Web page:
A federal appeals court has ruled that unless the Environmental Protection Agency (EPA) can prove that the pesticide chlorpyrifos is safe, it must be banned.
The chemical, which has been widely used on agricultural crops for more than 50 years, has been linked to neurological development issues in children, with mounting evidence implicating its role in autism, ADHD, motor and loss of IQ. In the 2-to-1 ruling on April 29, judges on the U.S. Court of Appeals for the 9th Circuit gave the federal government 60 days to either rescind all uses of chlorpyrifos related to food or to show evidence that in certain cases it is safe for public health.
In the majority opinion in the case League of United Latin American Citizens v. Regan, which was filed in 2007, Judge Jed Rakoff, a Clinton appointee, wrote, “[T]he EPA has spent more than a decade assembling a record of chlorpyrifos’s ill effects and has repeatedly determined, based on that record, that it cannot conclude, to the statutorily required standard of reasonable certainty, that the present tolerances are causing no harm,” adding that “EPA’s egregious delay exposed a generation of American children to unsafe levels of chlorpyrifos.” Rakoff was joined by Judge Jacqueline Nguyen, an Obama appointee.
“Yet, rather than ban the pesticide or reduce the tolerances to levels that the EPA can find are reasonably certain to cause no harm, the EPA has sought to evade, through one delaying tactic after another, its plain statutory duties,” Rakoff wrote in the opinion, in which he stopped short of requiring the agency to ban the chemical, but left little room to keep it on the market.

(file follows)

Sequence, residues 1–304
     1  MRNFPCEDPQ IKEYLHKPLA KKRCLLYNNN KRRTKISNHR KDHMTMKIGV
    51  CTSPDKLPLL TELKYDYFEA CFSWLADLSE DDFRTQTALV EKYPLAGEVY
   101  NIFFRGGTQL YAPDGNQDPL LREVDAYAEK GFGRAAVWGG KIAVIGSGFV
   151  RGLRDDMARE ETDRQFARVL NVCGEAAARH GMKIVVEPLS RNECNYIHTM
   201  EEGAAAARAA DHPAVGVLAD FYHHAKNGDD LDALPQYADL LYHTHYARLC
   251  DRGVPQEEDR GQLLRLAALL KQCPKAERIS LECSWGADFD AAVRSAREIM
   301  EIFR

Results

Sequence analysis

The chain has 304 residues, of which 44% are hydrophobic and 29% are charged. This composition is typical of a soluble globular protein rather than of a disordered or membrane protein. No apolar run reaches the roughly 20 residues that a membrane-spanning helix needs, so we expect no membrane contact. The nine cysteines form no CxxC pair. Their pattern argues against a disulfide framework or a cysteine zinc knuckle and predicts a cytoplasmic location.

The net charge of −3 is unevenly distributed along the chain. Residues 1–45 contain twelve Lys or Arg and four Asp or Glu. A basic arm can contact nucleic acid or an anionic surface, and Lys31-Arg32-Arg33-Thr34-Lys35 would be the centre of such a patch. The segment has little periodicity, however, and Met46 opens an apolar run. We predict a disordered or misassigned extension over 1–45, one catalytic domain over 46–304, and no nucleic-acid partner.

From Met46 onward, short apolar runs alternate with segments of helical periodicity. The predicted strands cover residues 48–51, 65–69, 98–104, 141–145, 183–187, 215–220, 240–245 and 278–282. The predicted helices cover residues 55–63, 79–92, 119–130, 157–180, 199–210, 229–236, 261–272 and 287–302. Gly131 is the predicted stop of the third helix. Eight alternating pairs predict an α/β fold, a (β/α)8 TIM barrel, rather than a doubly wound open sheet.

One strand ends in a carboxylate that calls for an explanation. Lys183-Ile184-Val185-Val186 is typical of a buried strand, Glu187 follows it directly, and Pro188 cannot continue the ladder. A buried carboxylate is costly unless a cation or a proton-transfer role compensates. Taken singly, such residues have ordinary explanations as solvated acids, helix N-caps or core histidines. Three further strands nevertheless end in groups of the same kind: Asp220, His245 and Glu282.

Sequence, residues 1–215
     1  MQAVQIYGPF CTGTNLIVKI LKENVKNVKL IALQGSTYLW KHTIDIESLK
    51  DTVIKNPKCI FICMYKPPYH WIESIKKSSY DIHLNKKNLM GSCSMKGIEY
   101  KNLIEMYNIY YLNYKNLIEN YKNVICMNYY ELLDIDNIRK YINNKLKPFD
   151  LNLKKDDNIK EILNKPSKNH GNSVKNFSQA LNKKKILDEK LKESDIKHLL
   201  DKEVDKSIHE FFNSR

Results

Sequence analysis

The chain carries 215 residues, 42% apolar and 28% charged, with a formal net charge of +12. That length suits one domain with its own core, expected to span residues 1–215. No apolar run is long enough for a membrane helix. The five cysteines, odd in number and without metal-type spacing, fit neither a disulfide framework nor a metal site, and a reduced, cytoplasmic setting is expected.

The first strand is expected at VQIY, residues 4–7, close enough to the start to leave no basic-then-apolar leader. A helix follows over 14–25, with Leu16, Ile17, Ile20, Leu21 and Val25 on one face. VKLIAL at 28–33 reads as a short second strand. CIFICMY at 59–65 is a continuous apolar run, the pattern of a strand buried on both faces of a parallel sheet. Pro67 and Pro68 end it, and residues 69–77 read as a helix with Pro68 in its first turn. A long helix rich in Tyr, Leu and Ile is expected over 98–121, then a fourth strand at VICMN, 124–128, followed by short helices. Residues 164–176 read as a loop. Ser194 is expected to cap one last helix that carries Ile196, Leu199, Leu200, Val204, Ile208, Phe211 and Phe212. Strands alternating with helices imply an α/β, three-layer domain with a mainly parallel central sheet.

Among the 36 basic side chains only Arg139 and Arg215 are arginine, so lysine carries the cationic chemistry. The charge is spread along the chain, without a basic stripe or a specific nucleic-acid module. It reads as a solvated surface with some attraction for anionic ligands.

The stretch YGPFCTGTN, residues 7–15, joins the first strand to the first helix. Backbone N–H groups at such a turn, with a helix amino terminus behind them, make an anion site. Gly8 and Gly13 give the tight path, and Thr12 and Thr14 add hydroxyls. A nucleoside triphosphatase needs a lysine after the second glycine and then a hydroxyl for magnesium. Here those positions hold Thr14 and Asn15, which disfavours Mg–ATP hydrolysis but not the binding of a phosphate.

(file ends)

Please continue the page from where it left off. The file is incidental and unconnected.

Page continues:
“The EPA must act based upon the evidence and must immediately revoke or modify chlorpyrifos tolerances.” Pregnant women and their fetuses, young children and farmworkers are particularly at risk from chlorpyrifos, which was first registered for use in 1965.
“There are numerous studies showing that exposure to chlorpyrifos in the womb harms children’s brain development,” said Dr. Warren Seigel, chair of New York State American Academy of Pediatrics. “The science is clear, and this pesticide should have been banned years ago.”
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